Mao’s Faithful May Be Pulling Xi Leftward

After speculation late last year that Mao Zedong’s legacy was soon to be sidelined, fears about the direction in which “Second Generation Reds” might lead China have returned. From John Garnaut at The Age: In the heady days of the early post-Mao years, as China began opening to the world, a youthful Xi Jinping attended a fortnightly study group with other top leaders’ children to network, enjoy friendship and make sense of the change around them. Mr Xi, now general secretary of the Communist Party, stayed close with the group as they worked the long and sometimes treacherous path towards the apex of the party, as their fathers had before them, and came to identify as Hongerdai, or “Second Generation Red”. […] The Mao faithful are hoping, and liberal intellectuals and private entrepreneurs are worried, that Mr Xi will symbolically foreclose any short-term possibility of political reform by holding a big celebration of Mao’s 120th birthday at the end of this year. “This is a big test,” said He Weifang, a lawyer who was involved in building the political case against Bo Xilai. “This is an important occasion and requires Xi to deliver a speech or make some decision.” At Foreign Policy, Garnaut shows a 2006 photo including the reunited study group which, he writes, “illustrates their dominance over the government and the economy”: In the middle row in a tan jacket stands businessman Hu Shiying, who runs a plethora of official and quasi-official organisations ranging from martial arts to green technology. The convenor of the close-knit study group, Hu is the son of Hu Qiaomu, Chairman Mao Zedong’s main secretary. […] […] Standing next to him is Xi, the son of a vice premier; then Wang Qishan, the son-in-law of a vice premier and a member of China’s top ...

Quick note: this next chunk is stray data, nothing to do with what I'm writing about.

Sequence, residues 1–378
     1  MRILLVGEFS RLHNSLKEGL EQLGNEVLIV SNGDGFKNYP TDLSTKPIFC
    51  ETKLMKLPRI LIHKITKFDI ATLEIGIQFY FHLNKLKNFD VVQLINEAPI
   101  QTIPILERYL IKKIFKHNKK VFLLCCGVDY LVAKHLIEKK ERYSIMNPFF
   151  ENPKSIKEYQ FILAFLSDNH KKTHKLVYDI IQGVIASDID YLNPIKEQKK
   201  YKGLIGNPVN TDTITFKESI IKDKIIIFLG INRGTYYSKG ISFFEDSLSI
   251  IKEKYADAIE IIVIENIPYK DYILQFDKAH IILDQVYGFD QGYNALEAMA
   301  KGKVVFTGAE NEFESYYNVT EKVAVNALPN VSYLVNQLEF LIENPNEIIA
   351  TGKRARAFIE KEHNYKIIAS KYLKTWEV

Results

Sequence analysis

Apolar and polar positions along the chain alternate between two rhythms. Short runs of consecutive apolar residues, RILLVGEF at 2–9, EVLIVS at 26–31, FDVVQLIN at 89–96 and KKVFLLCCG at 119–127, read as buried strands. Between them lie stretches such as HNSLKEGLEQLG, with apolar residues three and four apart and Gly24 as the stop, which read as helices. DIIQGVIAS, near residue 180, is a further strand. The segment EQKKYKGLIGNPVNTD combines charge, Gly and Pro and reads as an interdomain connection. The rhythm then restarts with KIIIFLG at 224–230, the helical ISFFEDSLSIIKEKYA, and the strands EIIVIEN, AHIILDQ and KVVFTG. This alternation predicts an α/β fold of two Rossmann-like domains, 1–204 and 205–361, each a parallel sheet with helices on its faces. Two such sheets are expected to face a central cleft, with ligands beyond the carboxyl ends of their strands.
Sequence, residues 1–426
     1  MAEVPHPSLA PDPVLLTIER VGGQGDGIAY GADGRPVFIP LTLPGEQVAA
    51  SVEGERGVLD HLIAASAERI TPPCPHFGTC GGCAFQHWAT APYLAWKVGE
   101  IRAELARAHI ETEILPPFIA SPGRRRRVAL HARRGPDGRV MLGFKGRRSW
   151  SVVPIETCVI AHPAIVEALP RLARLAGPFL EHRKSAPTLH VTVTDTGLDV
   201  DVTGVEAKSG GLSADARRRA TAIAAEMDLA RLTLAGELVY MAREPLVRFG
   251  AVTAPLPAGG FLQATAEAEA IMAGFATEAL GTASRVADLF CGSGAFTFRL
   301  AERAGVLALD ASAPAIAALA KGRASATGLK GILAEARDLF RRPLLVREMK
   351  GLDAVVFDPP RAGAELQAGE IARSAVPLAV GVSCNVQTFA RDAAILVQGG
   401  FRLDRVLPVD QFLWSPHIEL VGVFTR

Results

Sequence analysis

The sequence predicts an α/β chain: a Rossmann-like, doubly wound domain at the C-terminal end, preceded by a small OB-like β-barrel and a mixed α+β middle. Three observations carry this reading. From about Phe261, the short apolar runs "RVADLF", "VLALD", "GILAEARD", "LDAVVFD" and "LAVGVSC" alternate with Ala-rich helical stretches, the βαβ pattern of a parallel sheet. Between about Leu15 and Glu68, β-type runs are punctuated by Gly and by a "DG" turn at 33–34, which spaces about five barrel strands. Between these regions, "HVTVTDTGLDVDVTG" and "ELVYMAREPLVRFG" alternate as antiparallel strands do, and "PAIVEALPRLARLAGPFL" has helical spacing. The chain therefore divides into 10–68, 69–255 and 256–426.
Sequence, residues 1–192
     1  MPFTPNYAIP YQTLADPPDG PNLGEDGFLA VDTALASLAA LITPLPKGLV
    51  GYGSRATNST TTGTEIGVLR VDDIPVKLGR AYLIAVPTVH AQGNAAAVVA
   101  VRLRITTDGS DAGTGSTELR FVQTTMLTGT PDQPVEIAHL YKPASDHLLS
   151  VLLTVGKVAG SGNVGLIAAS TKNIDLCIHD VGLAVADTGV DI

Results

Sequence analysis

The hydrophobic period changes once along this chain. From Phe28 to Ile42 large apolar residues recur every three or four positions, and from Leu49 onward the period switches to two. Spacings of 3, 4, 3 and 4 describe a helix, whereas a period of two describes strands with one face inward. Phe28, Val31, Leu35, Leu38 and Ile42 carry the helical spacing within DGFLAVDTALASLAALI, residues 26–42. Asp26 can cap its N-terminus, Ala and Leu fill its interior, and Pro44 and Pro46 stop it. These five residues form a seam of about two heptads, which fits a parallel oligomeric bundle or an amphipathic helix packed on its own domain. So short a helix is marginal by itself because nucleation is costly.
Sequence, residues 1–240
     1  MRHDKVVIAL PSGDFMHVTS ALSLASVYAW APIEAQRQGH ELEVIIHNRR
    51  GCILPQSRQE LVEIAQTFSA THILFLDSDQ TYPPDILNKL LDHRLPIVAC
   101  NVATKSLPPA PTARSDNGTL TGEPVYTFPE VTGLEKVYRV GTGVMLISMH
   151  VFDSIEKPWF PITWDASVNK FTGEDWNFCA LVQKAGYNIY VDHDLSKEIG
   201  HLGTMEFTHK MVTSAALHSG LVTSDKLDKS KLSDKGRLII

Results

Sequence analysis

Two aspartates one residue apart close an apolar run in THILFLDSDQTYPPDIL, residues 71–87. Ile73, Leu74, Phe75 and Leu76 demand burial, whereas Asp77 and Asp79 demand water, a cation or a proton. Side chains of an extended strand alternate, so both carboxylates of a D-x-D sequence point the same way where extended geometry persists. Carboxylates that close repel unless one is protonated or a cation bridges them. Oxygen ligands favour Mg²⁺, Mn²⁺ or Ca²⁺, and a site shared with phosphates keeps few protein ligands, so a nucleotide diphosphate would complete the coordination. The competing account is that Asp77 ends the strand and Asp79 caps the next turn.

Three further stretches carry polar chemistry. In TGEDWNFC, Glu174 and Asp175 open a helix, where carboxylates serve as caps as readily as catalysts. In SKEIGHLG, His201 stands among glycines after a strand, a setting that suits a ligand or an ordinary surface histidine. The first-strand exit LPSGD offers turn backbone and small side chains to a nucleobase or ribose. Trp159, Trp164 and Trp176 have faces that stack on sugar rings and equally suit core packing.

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One Response to Mao’s Faithful May Be Pulling Xi Leftward

  1. Will says:

    For the most part, the Party Princelings assume that by right of birth and upbringing in the Party oligarchy they effectively own China’s government and have a proprietary right to rule in a monopolistic manner, just as their elders did, forever denying China’s populace any say in selecting their rulers through a voting process. Aside from the Kingdom of Saudi Arabia the PRC dang tianxia, no other country in the G-20 cuts its populace out of elections for national leaders in this way. Do the Saudis and the Chinese Communist Party elite imagine that they can get away with this forever even in the age of the internet?